Over 'kinilaw,' 'bulalo,' 'ukoy,' Kulinarya chefs reunite to mark book's 10th year

By: Micky Fenix - Columnist / @Inq_Lifestyle

Philippine Daily Inquirer / 07:10 AM November 02, 2017

No one was counting but it has been almost 10 years since "Kulinarya: A Guidebook to Philippine Cuisine" was published. And no one was as excited about the reunion of the chefs (Glenda Barretto, Conrad Calalang, Myrna Segismundo, Claude Tayag, Jessie Sincioco, Margarita Fores), the photographer (Neal Oshima), and the editor (yours truly) of the book than Doris Ho, chair of Asia Society Philippines, which published it.

Everyone made it, in spite of the constant traveling for work or leisure, the guest chef appearances in other countries, and new projects like television culinary shows.

The event was a dinner at the Rockwell Club, the first in the series of featured "Kulinarya" chefs. Barretto, the leader of the group and head of Via Mare, started the series. This in spite of her busy schedule in catering international conventions and conferences, including the recent Asia-Pacific Economic Cooperation (Apec) Summit and the coming Asean Summit.

Ho, in her welcome remarks, recounted that it was Washington SyCip who asked her to organize Asia Society Philippines that had, as its debut project, a Philippine fashion show in the United States.

Because of the huge expense involved, she said it was an event that could not be done easily.

More practical would be "Kulinarya," designed to showcase "classic Filipino dishes with the goal to have these known, recognized and loved around the world."

My task was to deliver a short talk on Filipino food. It might seem like preaching to believers because the majority of guests were Filipino foodies.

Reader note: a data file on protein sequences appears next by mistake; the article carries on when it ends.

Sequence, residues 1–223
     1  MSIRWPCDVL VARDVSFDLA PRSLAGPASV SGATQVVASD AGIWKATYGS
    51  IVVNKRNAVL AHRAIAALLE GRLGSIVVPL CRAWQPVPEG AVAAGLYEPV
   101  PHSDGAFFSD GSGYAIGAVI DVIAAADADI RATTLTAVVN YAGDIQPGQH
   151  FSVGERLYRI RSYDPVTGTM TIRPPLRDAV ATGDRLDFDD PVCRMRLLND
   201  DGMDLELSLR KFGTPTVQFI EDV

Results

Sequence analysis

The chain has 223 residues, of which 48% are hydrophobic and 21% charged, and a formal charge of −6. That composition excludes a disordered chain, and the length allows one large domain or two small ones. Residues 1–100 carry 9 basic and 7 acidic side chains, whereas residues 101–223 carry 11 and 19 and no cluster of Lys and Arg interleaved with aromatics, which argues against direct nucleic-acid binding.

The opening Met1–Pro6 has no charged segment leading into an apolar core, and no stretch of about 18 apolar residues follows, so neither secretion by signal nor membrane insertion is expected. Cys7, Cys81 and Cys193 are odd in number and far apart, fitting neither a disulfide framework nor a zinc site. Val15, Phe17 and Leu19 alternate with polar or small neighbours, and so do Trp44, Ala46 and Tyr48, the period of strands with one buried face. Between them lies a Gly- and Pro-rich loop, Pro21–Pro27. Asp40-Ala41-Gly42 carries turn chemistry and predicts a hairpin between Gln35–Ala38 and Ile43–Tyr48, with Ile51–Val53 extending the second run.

But I have always observed that while one may know about the cooking of the place where one was born, grew up and now live, he or she is ignorant of other kinds of cooking from other regions. And I would like to point them out.

It is also important to tell the story of how the national table has evolved, starting with prehistoric preparations, what our ancestors ate, and Ho?s advocacy to encourage proper cooking to produce malinamnam (tasty) dishes, and to show that part of Filipino culinary culture is to eat with sawsawan (condiments) and serve food family-style but with elegance.

It was heartening to know that not only the foreign diplomatic guests appreciated the talk, but also Filipino guests who said they themselves didn?t know that much about our food.

Barretto was supposed to talk about the menu, but when the waiters appeared with the soup course, there was such a buzz in the dining room that she could hardly be heard. I guess it was enough that her food did the talking. And it started with cocktails: three starters were brought to guests in an anteroom?kinilaw na tanguigue, sisig in cornets, and ukoy (vinegar-cured mackerel, thrice-cooked pork, and shrimp fritters)?eaten different ways with our local rum,

'Bulalo,' 'tinola'

The two kinds of soup were served very hot, a tribute to Via Mare's vast experience in catering. One was bulalo served in small, thin mugs, the little cubes of beef brisket and corn kernels skewered in bamboo sticks. The other was a cup of chicken tinola, its presentation as a light custard inspired by the Japanese chawan mushi.

The seafood course had Pacific bass with prawns cooked pinais-style or steamed in a banana leaf with buko (young coconut) juice and gata (coconut milk). An eggplant omelet and Miponica brown rice mixed with ube (purple yam) accompanied this course.

Three kinds of salad were served in individual containers?pako (fern) with shrimp, pomelo with radish and banana heart. These were really better palate cleansers than the usual sherbet.

Three deboned pugo (quails) seemed like a lot at first glance, but perfectly cooked as adobo, finishing them was easy. The other chefs at the table remembered how they hadn?t cooked pugo for some time and wanted to know Barretto's supplier.

The dessert had a sphere made of Malagos chocolate?the international award-winning chocolate from Davao?and in it was a mousse made of atis (custard apple). Holding the sphere in place was a mix of tapioca with coconut cream and providing sweetness and color were fruit balls of watermelon, mango and cantaloupe.

Because all the chefs were present, "Kulinarya" books were passed around for autographs. The question that evening: Is there is a second "Kulinarya" book in the works?

If yes, I hope it doesn't take as long as the three years it took to publish the first one, which won the National Book Award for Best Food Book and Design and the international Gourmand Awards Best Historical Cookbook in 2008.